The title of James Howard Kunstler’s book suggests that he’s painting a doom-and-gloom scenario that exploits the tragedy of the recent oil spill in the Gulf. Two surprises: the book was released in 2005 – long before BP’s Deepwater Horizon exploded -- and its message is actually a hopeful one. Hopeful, that is, if we pay attention to the critical condition of the planet and choose to do something about it right now.
For centuries, lunatics (or visionaries) have predicted that the end is near. They are mostly ignored by the general population. Now we have scientists, economists, and well-intentioned amateurs like Kunstler broadcasting the same message but with facts on their side. In this case, Kunstler focuses on the inevitable end of an oil-based lifestyle. “We constructed an armature for daily living that simply won’t work without liberal supplies of cheap oil,” Kunstler writes, “and very soon we will be without both the oil needed to run it and the wealth needed to replace it.”
Most of us live in a blissful state of denial about the end of oil. The Long Emergency sounds the wake-up call over and over again.
Despite this non-negotiable timeline, there is no viable alternative to oil. We have no plan in place for addressing the end of oil.
- We have already passed the point of peak oil production
- If every single drop of oil could be extracted, there would be only enough to sustain our habit for about 30-35 years
- Every drop will not be extracted because we have already taken the easy oil and there comes a point at which more than a barrel of oil is required to extract a barrel of oil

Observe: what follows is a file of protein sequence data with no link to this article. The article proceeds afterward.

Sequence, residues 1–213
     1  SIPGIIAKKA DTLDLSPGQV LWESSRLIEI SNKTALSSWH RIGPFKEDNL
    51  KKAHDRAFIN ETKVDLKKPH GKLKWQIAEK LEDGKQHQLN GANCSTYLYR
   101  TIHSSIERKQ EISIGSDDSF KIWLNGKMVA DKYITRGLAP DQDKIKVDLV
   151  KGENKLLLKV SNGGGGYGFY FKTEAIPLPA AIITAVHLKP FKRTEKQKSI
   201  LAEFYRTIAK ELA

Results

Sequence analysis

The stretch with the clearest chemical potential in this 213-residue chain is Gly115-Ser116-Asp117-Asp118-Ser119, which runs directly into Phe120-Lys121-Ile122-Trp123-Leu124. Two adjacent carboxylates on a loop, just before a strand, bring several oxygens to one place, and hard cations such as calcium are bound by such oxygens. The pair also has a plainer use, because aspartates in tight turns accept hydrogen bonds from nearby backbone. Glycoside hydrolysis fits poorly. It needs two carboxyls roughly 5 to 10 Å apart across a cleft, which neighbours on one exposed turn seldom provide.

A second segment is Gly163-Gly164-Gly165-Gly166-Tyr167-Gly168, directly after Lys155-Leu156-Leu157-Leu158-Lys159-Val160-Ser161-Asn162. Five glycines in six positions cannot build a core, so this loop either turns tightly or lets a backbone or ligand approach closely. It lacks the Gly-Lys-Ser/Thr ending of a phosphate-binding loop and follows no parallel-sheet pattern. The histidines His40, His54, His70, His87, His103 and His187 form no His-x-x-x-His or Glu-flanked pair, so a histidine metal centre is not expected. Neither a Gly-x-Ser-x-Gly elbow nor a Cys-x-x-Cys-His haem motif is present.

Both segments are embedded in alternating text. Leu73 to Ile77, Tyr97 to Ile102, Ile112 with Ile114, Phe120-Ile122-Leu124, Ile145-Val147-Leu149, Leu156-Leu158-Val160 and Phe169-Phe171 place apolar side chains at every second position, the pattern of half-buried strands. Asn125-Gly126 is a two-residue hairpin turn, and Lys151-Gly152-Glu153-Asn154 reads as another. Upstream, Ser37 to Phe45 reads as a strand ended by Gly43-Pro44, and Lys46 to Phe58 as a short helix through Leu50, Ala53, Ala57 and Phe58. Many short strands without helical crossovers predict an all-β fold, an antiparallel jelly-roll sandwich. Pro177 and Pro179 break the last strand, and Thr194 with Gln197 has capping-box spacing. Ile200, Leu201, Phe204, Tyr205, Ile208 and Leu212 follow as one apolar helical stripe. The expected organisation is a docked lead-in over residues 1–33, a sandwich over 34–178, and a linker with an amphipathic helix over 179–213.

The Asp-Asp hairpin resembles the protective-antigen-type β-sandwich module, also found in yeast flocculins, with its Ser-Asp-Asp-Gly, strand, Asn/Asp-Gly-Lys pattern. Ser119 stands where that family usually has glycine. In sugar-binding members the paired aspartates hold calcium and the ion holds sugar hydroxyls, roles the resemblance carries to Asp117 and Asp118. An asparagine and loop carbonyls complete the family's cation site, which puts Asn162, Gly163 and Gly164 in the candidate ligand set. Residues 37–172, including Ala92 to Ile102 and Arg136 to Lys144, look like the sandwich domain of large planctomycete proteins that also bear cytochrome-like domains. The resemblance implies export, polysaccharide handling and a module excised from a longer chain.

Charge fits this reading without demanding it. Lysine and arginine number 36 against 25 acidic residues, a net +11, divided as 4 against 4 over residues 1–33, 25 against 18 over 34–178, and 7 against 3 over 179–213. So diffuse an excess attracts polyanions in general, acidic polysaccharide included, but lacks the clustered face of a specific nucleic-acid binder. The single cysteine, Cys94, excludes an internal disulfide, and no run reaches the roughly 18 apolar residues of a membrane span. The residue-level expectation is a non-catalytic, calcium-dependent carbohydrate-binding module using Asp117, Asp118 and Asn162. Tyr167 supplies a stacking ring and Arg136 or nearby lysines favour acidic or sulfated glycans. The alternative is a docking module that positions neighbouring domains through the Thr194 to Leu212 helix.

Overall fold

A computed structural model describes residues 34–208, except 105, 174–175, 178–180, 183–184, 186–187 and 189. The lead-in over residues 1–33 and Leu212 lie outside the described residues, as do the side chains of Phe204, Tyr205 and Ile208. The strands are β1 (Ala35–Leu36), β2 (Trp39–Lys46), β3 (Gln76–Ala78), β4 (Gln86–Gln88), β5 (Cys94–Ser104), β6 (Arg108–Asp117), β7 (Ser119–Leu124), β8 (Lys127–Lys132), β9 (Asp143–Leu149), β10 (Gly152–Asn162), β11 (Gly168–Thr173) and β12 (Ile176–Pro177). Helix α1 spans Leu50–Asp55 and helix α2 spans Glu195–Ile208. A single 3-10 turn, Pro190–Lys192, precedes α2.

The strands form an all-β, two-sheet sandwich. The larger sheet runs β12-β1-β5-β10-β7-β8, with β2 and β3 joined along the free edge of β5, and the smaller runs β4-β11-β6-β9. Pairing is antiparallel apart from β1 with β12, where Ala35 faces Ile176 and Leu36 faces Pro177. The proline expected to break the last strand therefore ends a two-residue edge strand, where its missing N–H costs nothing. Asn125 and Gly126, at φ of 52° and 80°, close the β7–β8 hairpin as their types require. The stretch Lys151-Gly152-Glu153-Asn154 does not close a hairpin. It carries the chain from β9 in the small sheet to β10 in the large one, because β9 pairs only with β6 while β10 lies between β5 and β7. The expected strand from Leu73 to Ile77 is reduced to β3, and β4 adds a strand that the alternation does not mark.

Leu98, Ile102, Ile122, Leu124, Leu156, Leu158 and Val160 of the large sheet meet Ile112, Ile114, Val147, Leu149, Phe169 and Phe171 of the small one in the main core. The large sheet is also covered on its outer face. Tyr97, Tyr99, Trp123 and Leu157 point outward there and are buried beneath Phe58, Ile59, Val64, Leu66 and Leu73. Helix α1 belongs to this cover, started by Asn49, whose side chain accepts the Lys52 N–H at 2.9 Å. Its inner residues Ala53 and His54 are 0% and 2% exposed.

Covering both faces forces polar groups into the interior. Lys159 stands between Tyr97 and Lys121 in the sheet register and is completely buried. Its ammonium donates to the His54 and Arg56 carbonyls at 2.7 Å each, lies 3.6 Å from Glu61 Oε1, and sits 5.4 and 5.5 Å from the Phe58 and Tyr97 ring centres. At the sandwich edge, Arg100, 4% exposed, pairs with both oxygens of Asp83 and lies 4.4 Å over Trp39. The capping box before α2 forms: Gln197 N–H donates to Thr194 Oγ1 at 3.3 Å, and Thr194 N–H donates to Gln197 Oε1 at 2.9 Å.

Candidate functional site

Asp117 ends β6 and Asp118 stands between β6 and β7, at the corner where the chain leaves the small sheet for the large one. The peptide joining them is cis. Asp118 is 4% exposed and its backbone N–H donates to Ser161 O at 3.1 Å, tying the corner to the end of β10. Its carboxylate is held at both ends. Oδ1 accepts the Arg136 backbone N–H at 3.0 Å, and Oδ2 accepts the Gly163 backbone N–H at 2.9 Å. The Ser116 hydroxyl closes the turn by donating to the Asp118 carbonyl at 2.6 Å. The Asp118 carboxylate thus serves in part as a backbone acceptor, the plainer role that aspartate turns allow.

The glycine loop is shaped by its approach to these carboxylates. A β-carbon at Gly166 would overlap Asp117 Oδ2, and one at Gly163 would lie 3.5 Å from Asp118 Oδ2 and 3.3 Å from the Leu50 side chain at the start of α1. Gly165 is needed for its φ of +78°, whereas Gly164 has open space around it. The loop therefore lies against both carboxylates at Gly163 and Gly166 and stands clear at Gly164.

As reserves dwindle, the cost of a gallon of gasoline will skyrocket. Those with unlimited funds may blithely assume that the rising price of gasoline is of little concern to them. But what of the bigger picture? It isn’t only personal transportation that requires petroleum products. The resulting polymers form the basis for plastics, which have infiltrated every aspect of our lives. Take a moment to list the items in the room with you right now that are derived from petroleum. Phones, glasses, clothing, furniture, televisions – actually, it’s faster to list items that contain no plastic. The wealthiest person in the world cannot buy what doesn’t exist. When petroleum is no longer available, what alternative source will provide us with all those conveniences we take for granted?
The Long Emergency is not simply a book about how bad things are likely to be in a couple of decades. Kunstler does a masterful job of explaining how we became dependent on oil in the first place, how it determines our relationships with business and other countries, and who really makes the decisions about what happens next.
The Long Emergency is a sobering look at where we are, but it isn’t a pessimistic book, merely a truthful one. Kunstler considers possible options for energy production and encourages development of them. He is not, alas, a prophet, so he can’t predict whether we will find a way out of the trap we’ve built for ourselves. A good first step toward extricating ourselves is for everyone to read The Long Emergency and pay attention to Kunstler’s clear and reasoned warning.